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INQUEST: Tunisia attack victims were "unlawfully killed" finds Coroner

Joseph Dawson, of Leigh Day's travel litigation department, discusses the recent inquest into the deaths of those killed in a terrorist attack in Tunisia in 2015.

Joseph has extensive experience of dealing with complex and high value personal injury claims, dealing exclusively with accidents occurring abroad since July 2010, from hotel and RTA claims to accidents whilst working abroad. He tweets from @Joseph_E_Dawson
On 26 June 2015, the world was shocked by the ISIS-inspired terrorist attack in Sousse, Tunisia. This tragic event came less than four months after the terrorist attack at the Bardo National Museum in the capital city of Tunisia where over 20 people lost their lives and many more were injured.

The Sousse beach attack resulted in the deaths of 38 people, including 30 British holidaymakers, and serious injuries to almost 40 others.

The ruling of Coroner, Judge Nicholas Loraine-Smith, on 28 February 2017 concludes a six-week hearing into the attacks that heard evidence and legal representations from the victims' families and from the Tour Operator, TUI UK Limited (which owns the travel company Thomson).

Security & Tunisian Authorities

The Coroner’s findings were an indictment of the actions of the police described as "at best shambolic and at worst cowardly" by the Coroner.
The Inquest heard that unarmed Tunisian officers near the scene reportedly ran in the opposite direction whilst the gunman carried out his attack on the beach, before he entered the hotel to kill more victims.
The Coroner also heard evidence that one of the offices “fainted in fear” upon arrival at the scene.
However, the Coroner added that a direct and causal link between the response of armed officers and the deaths could not be found.
Whilst the hotel security guards were unarmed, it was found that an armed presence “might have made a difference”, although a review of Tunisian gun law deemed this to not be a realistic option.
In his ruling, the Coroner also found that “better” hotel security may have only resulted in more people being attacked and killed on the beach.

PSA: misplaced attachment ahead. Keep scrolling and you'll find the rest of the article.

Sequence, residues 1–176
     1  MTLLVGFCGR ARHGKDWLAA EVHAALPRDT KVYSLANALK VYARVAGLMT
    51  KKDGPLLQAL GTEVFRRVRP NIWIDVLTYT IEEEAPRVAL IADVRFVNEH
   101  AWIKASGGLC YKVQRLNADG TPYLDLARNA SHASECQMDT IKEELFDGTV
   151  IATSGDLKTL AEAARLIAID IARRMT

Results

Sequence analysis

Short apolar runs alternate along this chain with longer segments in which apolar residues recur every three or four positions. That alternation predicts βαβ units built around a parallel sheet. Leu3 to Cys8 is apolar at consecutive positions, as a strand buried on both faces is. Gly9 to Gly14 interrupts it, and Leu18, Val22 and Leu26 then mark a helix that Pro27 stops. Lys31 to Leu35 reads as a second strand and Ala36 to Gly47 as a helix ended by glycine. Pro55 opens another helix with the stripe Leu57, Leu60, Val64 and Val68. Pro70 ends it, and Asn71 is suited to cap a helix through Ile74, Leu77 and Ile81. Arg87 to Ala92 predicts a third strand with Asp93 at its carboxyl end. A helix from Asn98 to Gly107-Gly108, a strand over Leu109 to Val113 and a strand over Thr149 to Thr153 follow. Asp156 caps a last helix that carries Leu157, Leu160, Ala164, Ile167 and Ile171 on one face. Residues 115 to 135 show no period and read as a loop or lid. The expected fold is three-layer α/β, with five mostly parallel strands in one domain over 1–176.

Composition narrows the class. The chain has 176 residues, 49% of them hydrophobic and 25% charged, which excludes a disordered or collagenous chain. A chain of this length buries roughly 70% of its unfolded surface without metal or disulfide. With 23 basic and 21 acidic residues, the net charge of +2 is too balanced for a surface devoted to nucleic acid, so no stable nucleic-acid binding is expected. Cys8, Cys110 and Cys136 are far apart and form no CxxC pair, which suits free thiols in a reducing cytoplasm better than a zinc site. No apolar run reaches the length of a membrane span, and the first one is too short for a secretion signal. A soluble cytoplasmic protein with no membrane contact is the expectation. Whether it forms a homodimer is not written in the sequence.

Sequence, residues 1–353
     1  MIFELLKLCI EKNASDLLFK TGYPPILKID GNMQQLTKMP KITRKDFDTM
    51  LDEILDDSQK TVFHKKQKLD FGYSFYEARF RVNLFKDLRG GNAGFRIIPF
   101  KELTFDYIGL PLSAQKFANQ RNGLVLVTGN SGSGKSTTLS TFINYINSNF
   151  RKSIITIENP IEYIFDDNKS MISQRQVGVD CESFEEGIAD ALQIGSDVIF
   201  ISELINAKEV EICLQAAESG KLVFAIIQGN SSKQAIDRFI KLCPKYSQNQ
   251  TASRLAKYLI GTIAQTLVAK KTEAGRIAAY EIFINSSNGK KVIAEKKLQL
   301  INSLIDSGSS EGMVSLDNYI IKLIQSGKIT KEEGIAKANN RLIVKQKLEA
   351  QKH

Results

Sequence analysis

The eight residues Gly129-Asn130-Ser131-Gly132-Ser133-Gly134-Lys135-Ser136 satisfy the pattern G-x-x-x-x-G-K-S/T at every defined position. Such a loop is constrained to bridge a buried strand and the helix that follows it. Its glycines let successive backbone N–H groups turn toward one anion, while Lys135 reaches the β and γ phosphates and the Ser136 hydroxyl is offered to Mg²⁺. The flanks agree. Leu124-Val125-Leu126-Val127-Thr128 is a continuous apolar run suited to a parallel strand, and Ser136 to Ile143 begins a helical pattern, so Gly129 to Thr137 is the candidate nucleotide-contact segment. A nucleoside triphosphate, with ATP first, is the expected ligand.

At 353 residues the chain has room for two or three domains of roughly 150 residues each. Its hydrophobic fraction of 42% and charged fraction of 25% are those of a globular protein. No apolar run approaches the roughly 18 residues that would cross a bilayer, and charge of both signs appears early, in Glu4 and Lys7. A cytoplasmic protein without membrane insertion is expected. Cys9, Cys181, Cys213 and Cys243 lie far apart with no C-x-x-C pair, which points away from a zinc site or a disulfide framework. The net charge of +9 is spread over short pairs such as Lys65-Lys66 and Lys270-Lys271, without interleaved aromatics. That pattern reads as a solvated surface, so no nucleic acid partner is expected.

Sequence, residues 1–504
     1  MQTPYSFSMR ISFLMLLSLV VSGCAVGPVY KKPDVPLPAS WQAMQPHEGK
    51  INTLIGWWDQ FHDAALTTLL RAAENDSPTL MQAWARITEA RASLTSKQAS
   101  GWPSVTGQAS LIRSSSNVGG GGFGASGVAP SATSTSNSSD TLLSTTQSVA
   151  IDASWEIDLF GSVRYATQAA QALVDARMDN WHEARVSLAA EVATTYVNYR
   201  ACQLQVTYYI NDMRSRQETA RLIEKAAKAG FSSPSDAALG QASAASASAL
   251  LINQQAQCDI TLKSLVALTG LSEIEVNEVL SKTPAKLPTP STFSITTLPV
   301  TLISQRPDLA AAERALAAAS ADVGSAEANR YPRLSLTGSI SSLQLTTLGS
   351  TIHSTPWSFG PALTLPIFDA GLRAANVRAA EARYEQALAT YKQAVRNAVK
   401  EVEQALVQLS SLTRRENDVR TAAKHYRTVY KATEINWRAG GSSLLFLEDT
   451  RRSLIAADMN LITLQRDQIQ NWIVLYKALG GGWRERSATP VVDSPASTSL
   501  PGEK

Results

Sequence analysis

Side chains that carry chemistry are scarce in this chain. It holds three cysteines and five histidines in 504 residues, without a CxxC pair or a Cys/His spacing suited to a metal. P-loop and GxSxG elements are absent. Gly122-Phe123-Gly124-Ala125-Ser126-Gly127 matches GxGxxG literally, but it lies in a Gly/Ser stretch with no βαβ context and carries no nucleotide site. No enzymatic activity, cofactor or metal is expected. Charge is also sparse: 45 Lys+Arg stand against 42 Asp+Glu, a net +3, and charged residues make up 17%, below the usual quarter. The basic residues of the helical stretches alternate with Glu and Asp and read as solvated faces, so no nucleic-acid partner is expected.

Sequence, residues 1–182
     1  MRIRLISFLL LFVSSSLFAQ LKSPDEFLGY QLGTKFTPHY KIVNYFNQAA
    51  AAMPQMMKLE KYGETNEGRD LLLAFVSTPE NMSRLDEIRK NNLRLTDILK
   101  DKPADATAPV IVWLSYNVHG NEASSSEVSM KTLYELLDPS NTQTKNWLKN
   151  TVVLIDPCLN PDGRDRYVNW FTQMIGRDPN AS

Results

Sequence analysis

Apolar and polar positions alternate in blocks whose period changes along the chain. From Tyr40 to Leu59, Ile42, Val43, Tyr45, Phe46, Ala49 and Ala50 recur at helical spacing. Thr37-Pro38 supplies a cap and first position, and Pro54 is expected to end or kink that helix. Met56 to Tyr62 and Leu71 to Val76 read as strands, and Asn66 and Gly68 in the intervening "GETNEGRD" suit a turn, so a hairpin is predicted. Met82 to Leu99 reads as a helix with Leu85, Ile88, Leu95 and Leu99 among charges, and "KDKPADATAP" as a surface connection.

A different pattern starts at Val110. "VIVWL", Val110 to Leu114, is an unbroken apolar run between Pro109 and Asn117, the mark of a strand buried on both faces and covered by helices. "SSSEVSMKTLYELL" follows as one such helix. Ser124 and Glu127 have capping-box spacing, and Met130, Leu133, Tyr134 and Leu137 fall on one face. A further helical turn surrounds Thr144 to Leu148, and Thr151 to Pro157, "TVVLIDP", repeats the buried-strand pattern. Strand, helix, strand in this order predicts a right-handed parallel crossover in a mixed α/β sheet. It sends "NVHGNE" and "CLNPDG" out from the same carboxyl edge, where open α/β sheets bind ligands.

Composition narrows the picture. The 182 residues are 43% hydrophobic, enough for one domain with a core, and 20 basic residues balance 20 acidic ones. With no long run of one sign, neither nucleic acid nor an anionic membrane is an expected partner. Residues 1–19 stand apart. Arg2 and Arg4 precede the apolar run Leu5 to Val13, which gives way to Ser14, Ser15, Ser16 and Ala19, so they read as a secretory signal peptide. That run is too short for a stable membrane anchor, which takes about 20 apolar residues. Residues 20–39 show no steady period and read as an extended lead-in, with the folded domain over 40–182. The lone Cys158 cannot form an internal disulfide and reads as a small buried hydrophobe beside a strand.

The Coroner had earlier rejected a finding of ‘neglect’ against the Tour Operators and its affiliated hotels, a claim put forward by victims’ families but denied by the Tour Operator.
The Coroner explained that he was unable to find neglect on the basis that the existing case law on neglect did not extend to those victims who agreed to be present, by way of a voluntary holiday.

Potential Claims Damages Against TUI UK Limited

Following the Inquest’s conclusions, many of the victims’ families and those injured in the terrorist incident declared they were considering taking formal legal proceedings against the Tour Operator, TUI UK Limited.
All British holiday-makers that died in the attack reportedly booked their holiday through this Tour Operator.
The inquest heard evidence from the families of victims of the attack about the assurances they received from TUI before their holiday, particularly considering the attack in Tunis several months earlier.
One victim alleged they had been assured that the previous incident was a “one-off” and the resort was “100% safe”, an allegation denied by TUI.
The Coroner went on to analyse a document (described as a “crib sheet”) that was circulated by TUI to its staff detailing how to answer customer questions as to their safety on holiday in Tunisia.
Staff were allegedly instructed to advise customers that it was “business as usual” and that the Foreign Office’s overall travel advice had not changed.
It was reported that, whilst the Foreign Office had not advised against travelling to Tunisia, the official stance warned that the Country was under a "high threat from terrorism” and that "attacks could be indiscriminate including in places visited by foreigners.”
According to reports a “crib sheet” produced by the travel company for members of staff made no mention of advising of any such risk of terrorism.

Upon the commencement of any civil circumstances

Whilst the findings of the Coroner at the inquest will be considered in evidence in any civil claim, it will be for the judge in those proceedings to consider all the evidence and conclude on any civil liability of the Tour Operator to the victims and their families.   

The events of 2015 are just one incident in a long line of terror attacks that seek to target innocent people.
With British holiday-makers being considered a target risk, the extent of the Tour Operator’s duty of care is being highlighted.
How far does the scope of their duty extend in situations involving acts of terrorism? Every case will turn on its own facts but it is crucial that lessons are learnt from this tragedy to ensure that holiday-makers are as safe as possible in the future.
Tips for holiday-makers: For advice before you travel, check the Foreign Office website for updates as to potential risks and terror threats.

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